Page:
Conflicting reports about the reform and possible expansion of Medicare have left many elderly Kentuckians wondering if they need supplemental and long-term care insurance.
Medicare does not cover the costs of custodial nursing-home care or prescription drugs.
Do I need long-term care insurance?
Ask yourself questions such as these: Does your medical history make it likely you’ll need months, or years, of care? Can you afford to keep up payments if premiums increase 10 percent annually over 10 years? Do you have more than $75,000 in assets, not counting house and car?
If your answers are “Yes,” then begin shopping around for a policy that offers care options from home care to nursing homes, a daily benefit applicable for your area, inflation protection, and the longest benefit period you can afford. Policies can range from about $1,000 a year to $4,000 or more and most will be adjusted annually for inflation and/or the age of the insured.
The most important thing you are purchasing is the dollar-per-day that will go toward your eventual care. Many insurance agents suggest using a figure of $140 to $150 a day, and then count on paying any difference out of your own pocket to keep the premiums down. (On average, a year in a for-profit nursing home in Kentucky can run upwards of $30,000.)
You’ll also need to decide how many years to insure, with choices ranging from two years to lifetime. The average nursing home stay is 2-1/2 years, with the chance of longer stays higher for women than for men, according to the Health Insurance Association of America. Nearly 50 percent of Kentuckians age 65 and older will spend time in an extended-care facility.
Comparing levels of care
In trying to determine the per-day benefit to shoot for, visit some facilities and see what they have to offer and the comparable costs. For example, there’s skilled nursing care, which is in a hospital-like setting and is available 24 hours a day.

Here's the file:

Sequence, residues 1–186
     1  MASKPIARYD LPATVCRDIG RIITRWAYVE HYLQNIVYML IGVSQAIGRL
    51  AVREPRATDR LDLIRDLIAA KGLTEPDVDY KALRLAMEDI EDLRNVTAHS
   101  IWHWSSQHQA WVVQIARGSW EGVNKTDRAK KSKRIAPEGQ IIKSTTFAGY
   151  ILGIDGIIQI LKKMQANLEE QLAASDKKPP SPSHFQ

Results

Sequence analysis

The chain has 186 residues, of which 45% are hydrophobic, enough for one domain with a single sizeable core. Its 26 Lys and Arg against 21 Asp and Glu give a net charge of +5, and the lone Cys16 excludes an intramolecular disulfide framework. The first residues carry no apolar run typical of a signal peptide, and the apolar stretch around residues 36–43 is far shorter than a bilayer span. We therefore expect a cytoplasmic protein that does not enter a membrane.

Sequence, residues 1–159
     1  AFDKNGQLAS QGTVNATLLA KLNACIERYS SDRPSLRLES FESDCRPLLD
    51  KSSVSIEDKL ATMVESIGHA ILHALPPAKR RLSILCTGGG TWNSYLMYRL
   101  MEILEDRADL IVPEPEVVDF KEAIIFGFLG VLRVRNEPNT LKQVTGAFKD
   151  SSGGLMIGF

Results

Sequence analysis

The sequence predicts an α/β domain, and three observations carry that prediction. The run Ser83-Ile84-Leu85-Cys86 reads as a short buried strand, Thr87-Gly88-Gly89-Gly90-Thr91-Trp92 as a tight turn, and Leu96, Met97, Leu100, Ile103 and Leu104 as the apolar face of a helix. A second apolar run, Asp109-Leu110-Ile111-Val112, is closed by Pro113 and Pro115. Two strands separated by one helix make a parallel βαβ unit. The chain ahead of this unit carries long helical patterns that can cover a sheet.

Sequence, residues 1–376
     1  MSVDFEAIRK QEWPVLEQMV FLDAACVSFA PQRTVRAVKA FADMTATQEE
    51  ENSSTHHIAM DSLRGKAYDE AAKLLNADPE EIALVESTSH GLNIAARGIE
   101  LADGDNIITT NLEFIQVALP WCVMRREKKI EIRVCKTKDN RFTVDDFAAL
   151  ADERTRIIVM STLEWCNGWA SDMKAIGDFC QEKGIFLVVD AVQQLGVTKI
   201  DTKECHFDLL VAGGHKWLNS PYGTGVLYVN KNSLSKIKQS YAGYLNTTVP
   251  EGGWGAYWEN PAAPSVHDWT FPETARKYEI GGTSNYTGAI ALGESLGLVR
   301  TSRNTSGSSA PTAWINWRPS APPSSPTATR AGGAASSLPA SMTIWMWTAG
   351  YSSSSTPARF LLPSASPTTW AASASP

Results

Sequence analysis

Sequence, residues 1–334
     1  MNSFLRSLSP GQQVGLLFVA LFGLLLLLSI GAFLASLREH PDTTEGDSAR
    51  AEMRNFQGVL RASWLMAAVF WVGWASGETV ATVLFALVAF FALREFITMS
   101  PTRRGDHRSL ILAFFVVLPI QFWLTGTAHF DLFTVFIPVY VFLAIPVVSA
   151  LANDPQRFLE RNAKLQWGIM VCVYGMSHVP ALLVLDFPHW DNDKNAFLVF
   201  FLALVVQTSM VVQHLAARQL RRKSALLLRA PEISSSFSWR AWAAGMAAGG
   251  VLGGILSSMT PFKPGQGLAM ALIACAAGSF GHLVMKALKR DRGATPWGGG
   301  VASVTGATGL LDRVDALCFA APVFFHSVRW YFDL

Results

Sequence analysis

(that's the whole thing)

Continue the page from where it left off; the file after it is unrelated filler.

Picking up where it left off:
Then there are assisted-living facilities, which offer daily meals, help with bathing and dressing, and some nursing services.
At the top of the scale are continuing-care retirement communities, where residents live in an apartment and then move to an assisted-living unit or a nursing facility if their needs change.
When & whether to buy
Long-term care isn’t just for the elderly, though: 40 percent of people receiving long-term care today are younger than 65.
So when should you buy a policy? Insurers will say the earlier the better. However, Weiss Ratings, an insurance-rating service, found that age 60 is optimal. Before age 60, you could spend years paying premiums on a plan that “could be obsolete by the time you need it,” according to Weiss. Wait too long after 60, though, and rates rise quickly. And you may not qualify at all, if you become ill.
Beyond the issue of which policy to buy lies the larger question of whether or not you need long-term care insurance, says the American Institute for Economic Research. Rather than starting paying premiums before age 55, the educational organization says that “in most instances you would be better off” to put the money into an interest-bearing savings account.
Other experts say you don’t need coverage if you are worth $1 million or more; also, forget coverage if you’re worth less than $200,000 because you don’t want to start paying the costly premiums if you won’t be able to afford them the rest of your life. Medicaid probably would kick in when the money runs out.
LONG-TERM INSURANCE HELP
• AARP’s Health Care Options, (866) 654-5898, with plans underwritten by Metropolitan Life and United HealthCare
• Long-Term Care Quote, online at www.ltcq.net, for quotes on a variety of products
• A Shopper’s Guide to Long-Term Care Insurance, published by the National Association of Insurance Commissioners, available free online at www.naic.org, (866) 654-5898, with plans underwritten by Metropolitan Life and United HealthCare